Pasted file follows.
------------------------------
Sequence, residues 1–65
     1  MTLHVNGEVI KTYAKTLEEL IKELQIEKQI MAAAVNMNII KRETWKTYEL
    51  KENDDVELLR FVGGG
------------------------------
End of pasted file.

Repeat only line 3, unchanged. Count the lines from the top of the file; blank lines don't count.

    51  KENDDVELLR FVGGG